Well, look around you: I’m pretty sure one night watching the news would lead you to answer my question, NO. Jesus does indeed transform the world with his incarnation, his being born a human baby and living out a human life, and dying a human death. But Jesus doesn’t act alone, for God does not leave those whom he created, whom he loves, alone. And this is where I get super interested. Jesus is God; God who is eternal; God who is not created. Jesus is also human, and as such, like every other human who follows him and through him becomes a child of God, Jesus is baptized we hear this morning: “Now when all the people were baptized, and when Jesus also had been baptized and was praying, the heaven was opened, and the Holy Spirit descended upon him in bodily form like a dove. And a voice came from heaven from the Father, “you are my Son, the Beloved, with you I am well pleased.”
This is my under the hood moment: who is God? He is, Father, Son and Holy Spirit. We’ve affirmed in the last few weeks that this one we call the Messiah, or Jesus or Jesus Christ, is in fact God himself. And here, the one we call Father, Abba, whom Jesus will call Father and Abba, is in fact God. And finally, we hear affirmed that this Holy Spirit whom we encounter at several points in the Old and New Testaments as wind, or breath, or the Spirit or the Holy Spirit, that this Holy Spirit is also God. So our God is Father, Son and Holy Spirit. This Jesus is my figurative ‘opening of the hood.’ It is his life in which we see God actually manifested here as the Father, the Son and the Holy Spirit; one substance, three persons, never working apart, never working to different purposes, no good God and evil God at different times, never changing his mind even if we use these words to describe how we see history unfold.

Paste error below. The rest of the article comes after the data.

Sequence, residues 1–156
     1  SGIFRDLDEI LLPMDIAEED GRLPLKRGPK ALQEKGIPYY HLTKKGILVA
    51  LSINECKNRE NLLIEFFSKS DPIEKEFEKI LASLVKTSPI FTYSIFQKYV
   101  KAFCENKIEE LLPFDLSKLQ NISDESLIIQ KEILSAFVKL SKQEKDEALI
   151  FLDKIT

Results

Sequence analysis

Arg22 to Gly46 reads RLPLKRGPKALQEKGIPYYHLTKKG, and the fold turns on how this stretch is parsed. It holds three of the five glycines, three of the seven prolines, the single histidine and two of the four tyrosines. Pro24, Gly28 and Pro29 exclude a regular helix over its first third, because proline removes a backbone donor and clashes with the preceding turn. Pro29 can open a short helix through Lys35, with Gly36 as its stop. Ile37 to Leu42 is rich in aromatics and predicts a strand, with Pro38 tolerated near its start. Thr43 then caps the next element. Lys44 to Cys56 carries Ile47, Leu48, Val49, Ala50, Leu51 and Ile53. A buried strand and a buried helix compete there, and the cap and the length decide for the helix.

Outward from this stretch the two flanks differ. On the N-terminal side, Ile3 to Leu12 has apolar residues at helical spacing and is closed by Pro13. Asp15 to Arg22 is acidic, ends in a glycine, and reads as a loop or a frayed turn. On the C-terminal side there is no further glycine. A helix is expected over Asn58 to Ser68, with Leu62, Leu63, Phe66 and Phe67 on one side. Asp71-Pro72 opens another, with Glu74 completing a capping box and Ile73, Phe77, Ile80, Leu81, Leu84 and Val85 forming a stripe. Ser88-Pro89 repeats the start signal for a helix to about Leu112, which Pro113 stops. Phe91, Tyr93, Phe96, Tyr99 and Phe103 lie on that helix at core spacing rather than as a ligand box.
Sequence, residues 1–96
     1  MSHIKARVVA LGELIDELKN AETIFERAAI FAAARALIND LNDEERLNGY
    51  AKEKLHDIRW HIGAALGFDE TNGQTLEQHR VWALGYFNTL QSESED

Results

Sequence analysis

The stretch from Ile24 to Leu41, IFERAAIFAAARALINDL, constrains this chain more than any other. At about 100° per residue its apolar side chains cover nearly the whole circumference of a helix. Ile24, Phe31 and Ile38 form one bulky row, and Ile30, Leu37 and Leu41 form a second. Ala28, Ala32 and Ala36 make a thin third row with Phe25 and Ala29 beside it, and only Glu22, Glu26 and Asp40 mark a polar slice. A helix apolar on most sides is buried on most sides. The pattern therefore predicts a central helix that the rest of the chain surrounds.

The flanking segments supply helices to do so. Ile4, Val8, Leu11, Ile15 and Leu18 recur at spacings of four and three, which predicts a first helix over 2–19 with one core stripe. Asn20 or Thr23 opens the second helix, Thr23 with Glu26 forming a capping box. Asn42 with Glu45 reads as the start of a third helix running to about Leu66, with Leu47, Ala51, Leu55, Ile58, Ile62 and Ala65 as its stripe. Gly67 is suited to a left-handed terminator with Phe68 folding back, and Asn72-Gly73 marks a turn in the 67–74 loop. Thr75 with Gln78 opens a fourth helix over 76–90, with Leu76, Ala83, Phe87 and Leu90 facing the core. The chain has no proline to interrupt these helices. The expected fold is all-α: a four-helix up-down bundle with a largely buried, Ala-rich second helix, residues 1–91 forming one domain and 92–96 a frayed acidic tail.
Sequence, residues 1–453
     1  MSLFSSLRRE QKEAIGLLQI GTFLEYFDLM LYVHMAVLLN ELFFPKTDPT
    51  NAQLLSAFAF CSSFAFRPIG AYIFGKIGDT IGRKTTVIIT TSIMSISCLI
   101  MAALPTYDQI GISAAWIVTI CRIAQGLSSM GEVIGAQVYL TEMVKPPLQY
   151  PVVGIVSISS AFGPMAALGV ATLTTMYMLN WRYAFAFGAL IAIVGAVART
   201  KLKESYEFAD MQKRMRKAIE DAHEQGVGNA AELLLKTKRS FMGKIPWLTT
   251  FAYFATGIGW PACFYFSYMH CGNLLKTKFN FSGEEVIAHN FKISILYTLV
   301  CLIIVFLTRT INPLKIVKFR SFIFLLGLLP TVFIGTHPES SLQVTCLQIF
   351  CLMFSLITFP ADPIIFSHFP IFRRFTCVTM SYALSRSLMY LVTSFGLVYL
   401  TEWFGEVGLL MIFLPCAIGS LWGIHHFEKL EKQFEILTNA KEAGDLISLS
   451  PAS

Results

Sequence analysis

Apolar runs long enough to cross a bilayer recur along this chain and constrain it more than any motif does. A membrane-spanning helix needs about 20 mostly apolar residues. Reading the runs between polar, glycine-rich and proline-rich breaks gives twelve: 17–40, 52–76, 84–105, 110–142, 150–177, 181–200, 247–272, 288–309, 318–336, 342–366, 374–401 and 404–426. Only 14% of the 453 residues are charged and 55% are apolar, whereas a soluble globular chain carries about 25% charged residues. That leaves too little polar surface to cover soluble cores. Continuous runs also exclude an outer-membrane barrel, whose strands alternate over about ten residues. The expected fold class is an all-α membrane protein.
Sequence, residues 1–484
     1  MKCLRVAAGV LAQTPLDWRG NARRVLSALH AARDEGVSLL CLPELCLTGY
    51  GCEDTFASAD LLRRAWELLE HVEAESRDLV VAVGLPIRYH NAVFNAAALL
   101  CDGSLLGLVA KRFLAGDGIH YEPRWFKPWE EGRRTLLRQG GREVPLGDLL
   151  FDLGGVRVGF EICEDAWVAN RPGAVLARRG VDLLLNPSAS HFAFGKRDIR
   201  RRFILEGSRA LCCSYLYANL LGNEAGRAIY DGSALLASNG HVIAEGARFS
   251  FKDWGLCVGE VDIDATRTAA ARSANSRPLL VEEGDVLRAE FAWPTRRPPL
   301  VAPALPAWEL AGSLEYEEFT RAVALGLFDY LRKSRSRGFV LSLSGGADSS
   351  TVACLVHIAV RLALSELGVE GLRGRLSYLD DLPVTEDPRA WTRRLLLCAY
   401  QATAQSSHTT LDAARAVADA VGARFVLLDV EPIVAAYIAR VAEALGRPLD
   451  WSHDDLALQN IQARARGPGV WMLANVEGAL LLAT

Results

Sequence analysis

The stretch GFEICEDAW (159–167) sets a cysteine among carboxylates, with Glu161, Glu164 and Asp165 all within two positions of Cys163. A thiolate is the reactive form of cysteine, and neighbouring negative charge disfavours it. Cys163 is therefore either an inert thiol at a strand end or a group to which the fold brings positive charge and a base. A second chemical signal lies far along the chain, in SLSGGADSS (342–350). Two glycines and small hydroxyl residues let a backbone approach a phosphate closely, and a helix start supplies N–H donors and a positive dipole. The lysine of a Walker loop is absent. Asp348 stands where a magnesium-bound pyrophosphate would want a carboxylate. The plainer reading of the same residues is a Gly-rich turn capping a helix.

Jesus reveals who God is most profoundly in this moment of his baptism. His baptism then, isn’t simply about ‘going through with the rituals, of his Jewish birth; it is the fulfillment of his very being as both God and man: To be baptized is nothing other than to be brought into perfect communion with God. To be baptized is nothing other than living the life of God himself as the particular person you are.
This one, Jesus, who is himself conceived by the Holy Spirit from eternity, and who is also baptized as a new babe, this one Jesus alone has the power then, as God and man, to turn around and judge and baptize us. Now how does this under the hood moment work? Remember what I said a couple of weeks ago: Jesus lived out a human life – a life in time – so that you and I might have the way opened for us, to in turn, live out a life. That’s step 1 of our figurative, youtube video of going under the hood: